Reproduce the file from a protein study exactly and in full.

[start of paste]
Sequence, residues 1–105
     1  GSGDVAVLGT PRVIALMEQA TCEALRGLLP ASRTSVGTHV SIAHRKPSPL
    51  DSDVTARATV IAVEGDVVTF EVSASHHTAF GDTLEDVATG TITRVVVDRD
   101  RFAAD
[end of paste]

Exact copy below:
Sequence, residues 1–105
     1  GSGDVAVLGT PRVIALMEQA TCEALRGLLP ASRTSVGTHV SIAHRKPSPL
    51  DSDVTARATV IAVEGDVVTF EVSASHHTAF GDTLEDVATG TITRVVVDRD
   101  RFAAD